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by Robert Andrews, M.A., LMFT, CSC – founder and director of The Institue of Sports Psychology®

My work in the world of sports psychology is very rewarding and exciting.  I am blessed to work with some of the best athletes in the country.  I am fortunate to see them achieve tremendous highs in their careers as athletes. Unfortunately I see many of them after they have experienced devastating lows.  These lows come from poor performances, or in some cases a serious sports related injury.   Most of the time I see an athlete after they have suffered an injury.  But often I am present when an athlete is injured.  Through my trained eye I can see the impact of the injury on the athlete, and the athletes system.
A sports related injury happens to the athlete, but impacts many others in this system.  By system I mean the support team of the athlete.  Parents, grandparents, siblings, teammates, coaches, trainers, instructors, teachers, and friends are all profoundly effected way by the injury.
I was at a baseball game a few weeks ago and a player was hit in the head with a fastball.  He went down hard.  When the pitch hit him there was a collective moan from the crowd.  In an instant his coaches and trainers were around him. When they got to him he was in pretty bad shape.  Most of the crowd was on their feet watching.  Many had their hands on their heads hoping he was allright.  His teammates gathered outside the dugout, held hands and prayed.  The opposing team gathered around the pitchers mound and consoled the pitcher.  He was very upset.  The batter laid motionless Fast Ball Injury Photoon home plate for about 5 minutes.  When his legs began to move people began to chatter quietly.    He was carted off the field on a stretcher and taken by ambulance to the emergency room.  There was a loud ovation from the crowd and after the ambulance drove off play was resumed.  The pitcher took a new ball from the catcher, everyone sat down again, and play resumed. Or so we think.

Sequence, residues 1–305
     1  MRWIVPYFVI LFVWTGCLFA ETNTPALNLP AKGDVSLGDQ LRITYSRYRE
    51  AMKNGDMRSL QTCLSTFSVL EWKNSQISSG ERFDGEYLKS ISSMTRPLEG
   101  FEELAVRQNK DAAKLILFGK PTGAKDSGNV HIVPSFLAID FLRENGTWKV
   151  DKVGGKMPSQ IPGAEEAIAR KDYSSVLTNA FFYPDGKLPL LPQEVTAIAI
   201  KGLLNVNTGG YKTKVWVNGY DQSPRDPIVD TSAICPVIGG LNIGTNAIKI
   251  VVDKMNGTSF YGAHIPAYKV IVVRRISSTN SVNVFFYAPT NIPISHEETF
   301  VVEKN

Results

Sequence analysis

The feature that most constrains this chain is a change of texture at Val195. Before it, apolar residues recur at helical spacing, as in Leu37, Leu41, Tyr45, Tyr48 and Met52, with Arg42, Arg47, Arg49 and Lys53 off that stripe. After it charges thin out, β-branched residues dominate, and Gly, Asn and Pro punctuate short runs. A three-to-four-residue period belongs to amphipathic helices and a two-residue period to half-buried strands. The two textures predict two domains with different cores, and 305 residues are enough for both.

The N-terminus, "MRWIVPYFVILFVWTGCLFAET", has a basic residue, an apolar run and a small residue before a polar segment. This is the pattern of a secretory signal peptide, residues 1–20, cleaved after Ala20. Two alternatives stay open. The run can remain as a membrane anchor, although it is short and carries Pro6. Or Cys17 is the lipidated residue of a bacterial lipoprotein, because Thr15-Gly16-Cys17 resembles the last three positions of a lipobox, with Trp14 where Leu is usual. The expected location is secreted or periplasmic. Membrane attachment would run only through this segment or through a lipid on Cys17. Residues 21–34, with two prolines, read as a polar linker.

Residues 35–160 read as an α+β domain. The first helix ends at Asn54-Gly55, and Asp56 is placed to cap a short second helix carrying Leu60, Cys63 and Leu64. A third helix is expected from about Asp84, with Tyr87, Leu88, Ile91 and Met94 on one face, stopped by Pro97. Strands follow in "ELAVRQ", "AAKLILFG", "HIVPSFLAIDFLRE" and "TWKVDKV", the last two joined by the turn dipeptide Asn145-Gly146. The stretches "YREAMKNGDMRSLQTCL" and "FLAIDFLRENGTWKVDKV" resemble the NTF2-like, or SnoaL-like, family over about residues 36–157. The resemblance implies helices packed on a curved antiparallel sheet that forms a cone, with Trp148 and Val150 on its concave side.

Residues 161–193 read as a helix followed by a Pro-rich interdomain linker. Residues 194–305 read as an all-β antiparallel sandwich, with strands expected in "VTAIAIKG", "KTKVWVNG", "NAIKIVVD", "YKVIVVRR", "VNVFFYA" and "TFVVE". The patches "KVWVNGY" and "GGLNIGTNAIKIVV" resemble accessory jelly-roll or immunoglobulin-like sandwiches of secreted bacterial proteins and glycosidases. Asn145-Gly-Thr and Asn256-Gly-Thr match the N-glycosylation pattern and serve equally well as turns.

When something like this happens it is like taking a huge stone and throwing it into a calm pond.  When the stone hits the water it makes a big splash.  The waves from this splash work their way around the pond until they reach the shore.  The waves continue to rock the pond until their energy is absorbed by the shore.
With a serious sports related injury the waves effect everyone in the athletes life.  Imagine what it must be like for the parent of the player who was hit to see their son face down in the dirt after being hit in the head with a 90 mph fast ball. The waiting, the silence, more waiting, a transport to the hospital.  Teammates, coaches, friends, girlfriends, trainers, even the opposing pitcher are all suffer the same intense reaction to the injury.
For many the waves in the pond never calm down.  They keep on rocking the once still waters, the inner world of the athlete, and those in the athletes system.  In one minute the athlete is strong, powerful, prepared, and the next they are on the ground wondering if they are going to live, much less play baseball again. These waves reverberate within the family members, friends, and teammates too.